Interviewer: What I’d like to know is, seeing that you’d never in all your life, ever made a film before Kane, and had never so far as I’m aware been in a studio before Kane … where did you get the confidence from to make a film with such –
Welles: Ignorance. Sheer ignorance, there’s no confidence to equal it. It’s only when you know something about a profession, I think, that you’re timid, or careful.
What I take from this is that it doesn’t matter if you don’t know much about the existing text adventure games – just the vision and desire to create an interactive story will be enough. Don’t be afraid to try something new.
And right now is a great time to start reimagining what a text adventure is. Why?
Because this never happened:
And this never happened:
(My Photoshop Masterclass was, coincidentally, another thing that never happened – but you get the idea).
Desktop computers, terminals and laptops were never really the right devices for playing book-like games. Tablets and smartphones are the natural home for interactive fiction – and it’s only in the last few years that these devices are in everybody’s pockets. People are used to taking their phone out of their pockets to play with something for a few minutes, and text adventures can perfectly fill that need. Apps can bring text adventures where they belong – in front of people who want to read, wherever they are.
Unlike early film, the tools are available to everyone. My own engine, Quest, is free and open source. You don’t need any programming experience to get started with it, and it can run entirely in a web browser so you don’t even need to download anything. The system is open and hackable, with a core library written in Quest itself which defines the default behaviour – so you can change fundamental things about how the system works, even without going into the source code.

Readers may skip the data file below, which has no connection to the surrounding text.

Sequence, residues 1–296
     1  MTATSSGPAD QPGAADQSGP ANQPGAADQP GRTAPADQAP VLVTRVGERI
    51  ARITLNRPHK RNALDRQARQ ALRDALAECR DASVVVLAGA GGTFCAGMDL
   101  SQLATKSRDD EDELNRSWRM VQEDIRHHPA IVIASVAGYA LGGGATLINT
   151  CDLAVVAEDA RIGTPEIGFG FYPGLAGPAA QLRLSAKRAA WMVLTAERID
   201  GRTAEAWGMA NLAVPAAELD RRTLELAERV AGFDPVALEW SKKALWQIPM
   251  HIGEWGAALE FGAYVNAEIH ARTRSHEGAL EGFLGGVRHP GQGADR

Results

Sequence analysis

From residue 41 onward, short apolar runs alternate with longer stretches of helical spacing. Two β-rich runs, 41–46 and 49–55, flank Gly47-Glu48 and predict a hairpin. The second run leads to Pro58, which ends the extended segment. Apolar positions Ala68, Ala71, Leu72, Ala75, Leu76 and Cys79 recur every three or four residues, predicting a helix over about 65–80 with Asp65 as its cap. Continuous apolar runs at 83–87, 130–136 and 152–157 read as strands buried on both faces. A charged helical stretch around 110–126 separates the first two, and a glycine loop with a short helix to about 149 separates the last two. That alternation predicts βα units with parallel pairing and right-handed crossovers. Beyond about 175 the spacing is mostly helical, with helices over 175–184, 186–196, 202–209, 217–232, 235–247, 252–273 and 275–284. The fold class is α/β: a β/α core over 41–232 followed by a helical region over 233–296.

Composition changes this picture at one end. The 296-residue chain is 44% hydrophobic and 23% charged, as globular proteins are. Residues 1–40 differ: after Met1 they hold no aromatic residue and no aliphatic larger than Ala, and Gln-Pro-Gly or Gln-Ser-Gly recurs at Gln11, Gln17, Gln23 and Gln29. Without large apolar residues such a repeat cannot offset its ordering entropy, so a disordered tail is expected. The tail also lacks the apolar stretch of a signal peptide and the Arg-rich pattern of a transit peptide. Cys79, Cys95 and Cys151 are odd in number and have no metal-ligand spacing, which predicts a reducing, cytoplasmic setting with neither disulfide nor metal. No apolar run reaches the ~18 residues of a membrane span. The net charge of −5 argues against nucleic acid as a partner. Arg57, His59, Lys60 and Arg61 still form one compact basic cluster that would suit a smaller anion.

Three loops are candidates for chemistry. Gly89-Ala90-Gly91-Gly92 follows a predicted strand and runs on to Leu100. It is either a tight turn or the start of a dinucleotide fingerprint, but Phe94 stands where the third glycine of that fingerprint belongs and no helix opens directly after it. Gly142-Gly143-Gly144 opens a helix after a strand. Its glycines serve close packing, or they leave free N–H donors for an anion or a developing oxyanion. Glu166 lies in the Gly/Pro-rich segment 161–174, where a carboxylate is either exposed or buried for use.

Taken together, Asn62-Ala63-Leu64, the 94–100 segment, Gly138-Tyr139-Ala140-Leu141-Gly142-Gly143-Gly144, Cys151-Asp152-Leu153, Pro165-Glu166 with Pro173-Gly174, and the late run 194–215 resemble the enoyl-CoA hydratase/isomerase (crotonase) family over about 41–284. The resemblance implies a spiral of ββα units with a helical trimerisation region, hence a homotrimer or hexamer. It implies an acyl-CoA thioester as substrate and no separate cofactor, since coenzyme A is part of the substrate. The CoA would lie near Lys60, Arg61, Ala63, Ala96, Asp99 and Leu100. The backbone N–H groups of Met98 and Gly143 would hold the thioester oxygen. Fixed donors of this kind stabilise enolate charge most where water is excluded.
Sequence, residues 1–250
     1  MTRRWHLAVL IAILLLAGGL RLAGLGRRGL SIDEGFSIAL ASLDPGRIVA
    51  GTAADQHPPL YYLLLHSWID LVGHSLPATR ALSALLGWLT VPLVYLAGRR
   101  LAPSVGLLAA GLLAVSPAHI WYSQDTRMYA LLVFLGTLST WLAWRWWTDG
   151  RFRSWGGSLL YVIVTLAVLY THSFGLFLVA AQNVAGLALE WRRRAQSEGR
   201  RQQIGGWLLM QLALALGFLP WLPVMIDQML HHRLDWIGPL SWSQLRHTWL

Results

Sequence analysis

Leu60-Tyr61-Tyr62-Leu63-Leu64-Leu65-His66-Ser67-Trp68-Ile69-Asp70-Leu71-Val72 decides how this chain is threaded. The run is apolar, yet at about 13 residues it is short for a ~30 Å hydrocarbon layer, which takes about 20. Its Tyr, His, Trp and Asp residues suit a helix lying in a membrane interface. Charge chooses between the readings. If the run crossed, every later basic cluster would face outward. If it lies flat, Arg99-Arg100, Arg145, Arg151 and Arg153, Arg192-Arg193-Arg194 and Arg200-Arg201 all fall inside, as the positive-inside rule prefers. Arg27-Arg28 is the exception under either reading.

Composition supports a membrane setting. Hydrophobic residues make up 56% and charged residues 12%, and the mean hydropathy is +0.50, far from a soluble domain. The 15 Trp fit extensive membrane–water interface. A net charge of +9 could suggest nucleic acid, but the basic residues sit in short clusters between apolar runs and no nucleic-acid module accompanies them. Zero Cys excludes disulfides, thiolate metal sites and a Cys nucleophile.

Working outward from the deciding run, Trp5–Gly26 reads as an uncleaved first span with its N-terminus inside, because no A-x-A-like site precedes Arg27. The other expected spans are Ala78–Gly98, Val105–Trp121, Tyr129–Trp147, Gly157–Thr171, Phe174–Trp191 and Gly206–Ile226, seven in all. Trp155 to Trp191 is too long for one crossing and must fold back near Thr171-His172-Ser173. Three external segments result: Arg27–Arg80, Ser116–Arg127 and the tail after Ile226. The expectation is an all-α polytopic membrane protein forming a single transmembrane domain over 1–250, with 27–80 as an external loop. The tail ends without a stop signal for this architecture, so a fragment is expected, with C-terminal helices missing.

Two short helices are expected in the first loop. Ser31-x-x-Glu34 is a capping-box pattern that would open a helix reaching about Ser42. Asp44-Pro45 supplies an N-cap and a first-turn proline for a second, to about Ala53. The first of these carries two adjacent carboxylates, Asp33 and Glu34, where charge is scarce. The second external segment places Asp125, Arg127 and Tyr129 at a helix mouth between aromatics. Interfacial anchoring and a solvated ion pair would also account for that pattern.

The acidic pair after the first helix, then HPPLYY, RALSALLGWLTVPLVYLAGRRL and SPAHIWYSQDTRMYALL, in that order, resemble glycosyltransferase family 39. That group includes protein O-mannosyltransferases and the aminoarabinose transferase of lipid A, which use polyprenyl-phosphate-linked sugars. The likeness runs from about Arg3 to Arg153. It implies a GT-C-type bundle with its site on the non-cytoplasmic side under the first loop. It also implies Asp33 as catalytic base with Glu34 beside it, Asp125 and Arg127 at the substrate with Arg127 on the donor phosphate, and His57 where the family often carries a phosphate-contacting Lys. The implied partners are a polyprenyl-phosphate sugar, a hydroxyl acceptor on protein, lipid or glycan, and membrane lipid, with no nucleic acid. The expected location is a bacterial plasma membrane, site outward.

Quest is built upon web technologies, so games can run anywhere, or be packaged with Phonegap and be turned into offline apps. Hyperlinks mean that “guess the verb” is a thing of the past – if you want to, that is, because authors can disable hyperlinks if they choose.
HTML5 opens up a lot of possibilities for experimenting. For example, using Canvas we can dynamically draw maps:
Of course, HTML is designed for laying out text – so there is plenty of room for experimentation here. For example, why not split the screen in two:
And even within the writing, there is much experimentation to be done. Text adventures are typically written in the form “You can see… You can go…”. Why not in first person, or third person? Why does it have to be the present tense – why not past tense? Maybe the future tense could even work. We just don’t know – yet.
What about other technologies and APIs we could get a game to tap into? How could we use geolocation within a game? The ability for players to take photos and record sounds? How can we have players interacting over the internet?
There is so much unexplored potential for text-based games. With new devices and technologies, we are really only just getting started. I think we need a new generation of authors to come along, unhindered by 1980s expectations of what a text adventure should look like, and in the spirit of sheer ignorance, create games that will excite and inspire us all.
I hope that Quest is a platform that will enable that – but I’m sure there are many ways it needs to be improved to let that happen. I’m always open to ideas so please get in touch if there’s anything I can do to help your vision become reality. You can email me at firstname.lastname@example.org or find me on Twitter @alexwarren.